Lamb Shearling, care for (or not)

Discussion in 'Outerwear' started by SkanningenLars, Dec 16, 2019.

  1. SkanningenLars

    SkanningenLars New in Town

    I have a really nice, black, high quality lamb shearling coat.

    The seller, a fur/leather shop of great age and reputation, suggested I use Nivea [sic] to care for the coat by applying small amounts on a monthly [sic!] basis.

    The Internet seems to say that...
    * Do not use Nivea!
    * Do absolutely nothing more than 'general get rid of dirt' care
    * Use neatsfoot - or, do NOTuse neatsfoot
    * Use minkoil - or, do NOT use it at all
    * Use Saphire Renovateur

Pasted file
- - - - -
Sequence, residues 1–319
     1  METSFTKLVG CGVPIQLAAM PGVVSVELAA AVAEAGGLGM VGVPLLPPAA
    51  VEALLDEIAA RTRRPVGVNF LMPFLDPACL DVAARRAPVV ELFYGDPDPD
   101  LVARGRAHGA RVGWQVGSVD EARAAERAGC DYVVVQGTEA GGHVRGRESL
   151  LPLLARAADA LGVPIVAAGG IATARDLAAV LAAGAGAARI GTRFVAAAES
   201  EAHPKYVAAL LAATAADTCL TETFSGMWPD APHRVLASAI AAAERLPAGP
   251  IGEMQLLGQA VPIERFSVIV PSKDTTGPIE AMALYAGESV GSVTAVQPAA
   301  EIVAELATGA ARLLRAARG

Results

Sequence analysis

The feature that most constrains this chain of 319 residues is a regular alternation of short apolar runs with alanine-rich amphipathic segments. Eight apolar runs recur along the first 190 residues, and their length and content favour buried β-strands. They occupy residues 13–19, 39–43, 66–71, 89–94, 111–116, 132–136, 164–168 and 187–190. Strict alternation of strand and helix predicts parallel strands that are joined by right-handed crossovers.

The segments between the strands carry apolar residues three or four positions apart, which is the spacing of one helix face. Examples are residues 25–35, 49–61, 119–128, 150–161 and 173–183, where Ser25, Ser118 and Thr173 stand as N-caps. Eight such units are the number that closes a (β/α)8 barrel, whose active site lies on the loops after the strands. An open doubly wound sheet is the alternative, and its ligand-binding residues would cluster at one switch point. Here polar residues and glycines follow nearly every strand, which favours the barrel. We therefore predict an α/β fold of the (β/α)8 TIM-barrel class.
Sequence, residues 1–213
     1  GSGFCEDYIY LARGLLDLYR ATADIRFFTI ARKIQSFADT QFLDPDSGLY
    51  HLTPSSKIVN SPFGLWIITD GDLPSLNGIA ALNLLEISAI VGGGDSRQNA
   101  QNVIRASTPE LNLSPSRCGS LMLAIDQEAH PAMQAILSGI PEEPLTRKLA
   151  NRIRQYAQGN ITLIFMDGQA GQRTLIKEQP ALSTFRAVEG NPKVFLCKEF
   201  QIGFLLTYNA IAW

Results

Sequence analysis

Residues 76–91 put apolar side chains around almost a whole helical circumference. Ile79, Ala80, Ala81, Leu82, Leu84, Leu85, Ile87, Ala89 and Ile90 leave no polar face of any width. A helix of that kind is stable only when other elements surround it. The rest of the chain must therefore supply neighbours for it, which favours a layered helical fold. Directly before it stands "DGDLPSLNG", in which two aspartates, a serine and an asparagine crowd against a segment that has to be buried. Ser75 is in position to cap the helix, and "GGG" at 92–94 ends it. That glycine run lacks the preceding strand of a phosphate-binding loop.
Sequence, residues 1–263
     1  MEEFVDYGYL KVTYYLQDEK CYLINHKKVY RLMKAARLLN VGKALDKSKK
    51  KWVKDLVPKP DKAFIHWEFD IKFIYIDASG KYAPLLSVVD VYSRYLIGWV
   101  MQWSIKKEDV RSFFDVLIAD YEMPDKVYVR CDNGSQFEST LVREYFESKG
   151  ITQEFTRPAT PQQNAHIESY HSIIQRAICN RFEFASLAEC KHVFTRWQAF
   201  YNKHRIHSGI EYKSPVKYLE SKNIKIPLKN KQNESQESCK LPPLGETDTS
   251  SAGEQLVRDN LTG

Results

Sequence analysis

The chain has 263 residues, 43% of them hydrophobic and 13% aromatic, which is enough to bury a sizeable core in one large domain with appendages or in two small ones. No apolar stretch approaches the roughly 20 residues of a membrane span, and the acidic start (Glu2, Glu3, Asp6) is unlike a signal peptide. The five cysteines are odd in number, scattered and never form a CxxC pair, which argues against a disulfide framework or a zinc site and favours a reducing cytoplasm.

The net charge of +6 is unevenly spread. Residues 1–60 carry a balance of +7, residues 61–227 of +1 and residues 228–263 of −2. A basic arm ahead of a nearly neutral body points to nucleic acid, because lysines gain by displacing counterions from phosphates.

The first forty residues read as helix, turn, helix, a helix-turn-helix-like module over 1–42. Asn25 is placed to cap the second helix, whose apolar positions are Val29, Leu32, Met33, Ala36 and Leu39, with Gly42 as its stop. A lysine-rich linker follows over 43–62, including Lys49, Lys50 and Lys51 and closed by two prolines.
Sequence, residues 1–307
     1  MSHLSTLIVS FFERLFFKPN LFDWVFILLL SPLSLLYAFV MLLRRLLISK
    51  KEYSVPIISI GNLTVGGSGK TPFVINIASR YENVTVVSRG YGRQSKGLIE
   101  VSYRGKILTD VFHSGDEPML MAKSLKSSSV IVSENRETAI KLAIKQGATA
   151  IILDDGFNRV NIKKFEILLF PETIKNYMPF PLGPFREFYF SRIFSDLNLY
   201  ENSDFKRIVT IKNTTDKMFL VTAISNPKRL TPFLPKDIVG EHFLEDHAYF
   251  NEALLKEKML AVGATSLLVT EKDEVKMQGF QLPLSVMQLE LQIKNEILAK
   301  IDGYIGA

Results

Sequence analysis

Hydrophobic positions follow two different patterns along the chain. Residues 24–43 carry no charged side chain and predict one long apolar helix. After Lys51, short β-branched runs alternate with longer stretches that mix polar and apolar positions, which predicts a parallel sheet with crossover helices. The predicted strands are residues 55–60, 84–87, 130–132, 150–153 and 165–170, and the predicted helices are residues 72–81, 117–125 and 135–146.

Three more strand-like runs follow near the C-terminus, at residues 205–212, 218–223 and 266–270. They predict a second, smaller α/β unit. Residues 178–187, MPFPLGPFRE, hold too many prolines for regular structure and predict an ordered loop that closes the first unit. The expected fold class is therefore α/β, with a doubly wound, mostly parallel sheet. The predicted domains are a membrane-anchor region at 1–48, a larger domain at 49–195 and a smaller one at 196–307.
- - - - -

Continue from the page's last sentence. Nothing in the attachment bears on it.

* It is lamb, some lanolin cream cannot hurt

    What I want to achieve is:
    * Leather not so dry that it cracks
    * Longevity and durability

    I use the coat also in small amounts of rain for short time, and it can then airdry.

    Is there any more authoritative answer long-term care for fine lamb shearling, especially, keeping it from becoming so dry it cracks easily?
  2. Carlos840

    Carlos840 My Mail is Forwarded Here

    I think that most people on this forum would agree that in most situation you should do nothing.
    The majority of leather jackets don't need any sort of attention for the first few years of their lives, sometimes decades.
    If we are talking about a MC jacket that gets used in the sun, in the rain, and gets covered in bugs and road grime, then we are talking about something different, but a "regular" leather jacket doesn't need much care at all, especially when new.